Heathen Gods in Old English Literature

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Cambridge University Press, Dec 11, 1997 - History - 374 pages
1 Review
Heathen gods are hard to find in Old English literature. Most Anglo-Saxon writers had no interest in them, and scholars today prefer to concentrate on the Christian civilization for which the Anglo-Saxons were so famous. Richard North offers an interesting view of Anglo-Saxon and Scandinavian paganism and mythology in the pre-Viking and Viking age. He discusses the pre-Christian gods of Bede's history of the Anglo-Saxon conversion with reference to an orgiastic figure known as Ingui, whom Bede called 'god of this age'. Using expert knowledge of comparative literary material from Old Norse-Icelandic and other Old Germanic languages, North reconstructs the slender Old English evidence in a highly imaginative treatment of poems such as Deor and The Dream of the Rood. Other gods such as Woden are considered with reference to Odin and his family in Old Norse-Icelandic mythology. In conclusion, it is argued that the cult of Ingui was defeated only when the ideology of the god Woden was sponsored by the Anglo-Saxon church. The book will interest students interested in Old English, Old Norse-Icelandic and Germanic literatures, Anglo-Saxon history and archaeology.
 

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I'm not sure what Dionysis has to do with Anglo-Saxon Heathenism, but I understand the background of Tolkien's Ents better after reading this book. Read full review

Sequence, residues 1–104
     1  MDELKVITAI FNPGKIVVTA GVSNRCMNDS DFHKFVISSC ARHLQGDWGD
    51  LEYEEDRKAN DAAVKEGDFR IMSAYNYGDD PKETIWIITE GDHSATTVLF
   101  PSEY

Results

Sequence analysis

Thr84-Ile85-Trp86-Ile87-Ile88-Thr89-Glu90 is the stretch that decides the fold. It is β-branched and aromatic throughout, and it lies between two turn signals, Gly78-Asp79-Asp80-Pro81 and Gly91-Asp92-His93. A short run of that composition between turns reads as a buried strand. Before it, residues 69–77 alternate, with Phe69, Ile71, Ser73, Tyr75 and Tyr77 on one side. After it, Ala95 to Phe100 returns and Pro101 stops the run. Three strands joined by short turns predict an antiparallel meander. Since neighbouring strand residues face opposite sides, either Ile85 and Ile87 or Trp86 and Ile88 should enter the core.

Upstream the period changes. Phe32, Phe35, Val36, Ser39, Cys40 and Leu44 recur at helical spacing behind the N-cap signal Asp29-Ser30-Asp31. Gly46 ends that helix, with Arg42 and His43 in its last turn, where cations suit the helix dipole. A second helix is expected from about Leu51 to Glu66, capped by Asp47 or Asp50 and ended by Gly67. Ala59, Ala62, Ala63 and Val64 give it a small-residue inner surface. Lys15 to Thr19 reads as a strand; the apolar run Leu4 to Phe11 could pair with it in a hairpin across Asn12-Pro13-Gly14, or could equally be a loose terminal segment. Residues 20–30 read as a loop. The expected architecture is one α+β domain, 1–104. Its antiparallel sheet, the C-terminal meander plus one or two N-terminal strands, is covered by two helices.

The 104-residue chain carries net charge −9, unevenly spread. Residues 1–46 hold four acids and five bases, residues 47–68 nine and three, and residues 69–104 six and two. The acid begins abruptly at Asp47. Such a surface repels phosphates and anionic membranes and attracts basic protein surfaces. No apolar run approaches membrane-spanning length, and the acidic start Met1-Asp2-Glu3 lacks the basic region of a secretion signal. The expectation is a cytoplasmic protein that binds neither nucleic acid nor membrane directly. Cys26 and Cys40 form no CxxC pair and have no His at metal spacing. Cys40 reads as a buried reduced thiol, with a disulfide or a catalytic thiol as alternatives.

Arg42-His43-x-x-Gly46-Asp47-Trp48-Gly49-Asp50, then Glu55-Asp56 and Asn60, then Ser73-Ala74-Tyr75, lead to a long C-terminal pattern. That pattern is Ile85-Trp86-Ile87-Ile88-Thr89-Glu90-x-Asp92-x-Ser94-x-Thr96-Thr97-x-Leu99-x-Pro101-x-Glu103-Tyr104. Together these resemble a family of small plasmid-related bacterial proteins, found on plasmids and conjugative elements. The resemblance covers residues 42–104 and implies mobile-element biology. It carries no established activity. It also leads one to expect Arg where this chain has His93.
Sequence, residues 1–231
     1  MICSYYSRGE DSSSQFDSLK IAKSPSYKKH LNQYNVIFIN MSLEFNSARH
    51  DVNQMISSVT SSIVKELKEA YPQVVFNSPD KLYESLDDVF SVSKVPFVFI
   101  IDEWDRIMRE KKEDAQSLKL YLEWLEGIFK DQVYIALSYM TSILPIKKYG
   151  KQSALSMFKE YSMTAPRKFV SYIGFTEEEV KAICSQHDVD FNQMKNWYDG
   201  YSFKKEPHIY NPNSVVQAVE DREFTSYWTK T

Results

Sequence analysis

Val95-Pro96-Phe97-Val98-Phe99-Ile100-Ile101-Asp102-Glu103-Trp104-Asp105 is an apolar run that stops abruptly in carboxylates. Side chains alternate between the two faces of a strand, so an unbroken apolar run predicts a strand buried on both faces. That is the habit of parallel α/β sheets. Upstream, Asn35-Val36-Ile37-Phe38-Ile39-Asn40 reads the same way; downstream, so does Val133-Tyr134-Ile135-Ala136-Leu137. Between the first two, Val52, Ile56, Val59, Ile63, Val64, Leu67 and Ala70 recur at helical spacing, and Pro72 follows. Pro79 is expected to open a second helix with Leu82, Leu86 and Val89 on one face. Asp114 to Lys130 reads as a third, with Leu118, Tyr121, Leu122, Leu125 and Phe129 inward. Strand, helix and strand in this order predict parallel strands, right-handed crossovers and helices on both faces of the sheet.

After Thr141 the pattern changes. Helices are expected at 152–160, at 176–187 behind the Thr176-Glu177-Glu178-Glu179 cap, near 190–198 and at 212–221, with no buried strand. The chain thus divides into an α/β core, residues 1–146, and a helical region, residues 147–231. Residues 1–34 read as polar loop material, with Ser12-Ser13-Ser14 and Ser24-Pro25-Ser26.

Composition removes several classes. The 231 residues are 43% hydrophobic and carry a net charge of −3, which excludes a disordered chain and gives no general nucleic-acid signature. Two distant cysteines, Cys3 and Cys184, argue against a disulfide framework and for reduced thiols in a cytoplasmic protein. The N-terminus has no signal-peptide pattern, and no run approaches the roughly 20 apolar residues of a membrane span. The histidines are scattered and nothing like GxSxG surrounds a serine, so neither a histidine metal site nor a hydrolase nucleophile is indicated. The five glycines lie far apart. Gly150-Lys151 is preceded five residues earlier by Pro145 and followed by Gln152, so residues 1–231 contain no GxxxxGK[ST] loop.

Contents

Anglian religion in
1
Ingui of Bernicia
26
Ing and the ingefolc
44
Wodens witchcraft
78
the role of Woden in royal
111
geot and Geat
133
The cult of Ingui in Beowulf
172
natural phenomena
204
the worldtree sacrifice
273
the AngloSaxon
304
Bibliography
343
Index
355
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About the author (1997)

Richard North was made to read old English at oxford and now teaches it for a living in UCL. He would like to be known for writing fiction. Publications include "Heathen Gods" "in old English Literature" (1997), "The Origins of 'Beowulf' "(2006), and some poems and short stories in "Undertow," the UCL English students' literary magazine. Hobbies include piano, reading the sagas and collecting students.

Joe Allard discovered Iceland almost by chance in the mid-eighties and has never looked back. He translates and publishes (mares' Nest Publishers, festival Books) contemporary Icelandic poetry and fiction. He also writes about and teaches medieval Icelandic prose and poetry. He eats shark, puffin and whale and enjoys 57% Icelandic spirits. Hobbies include piano and watching volcanoes.

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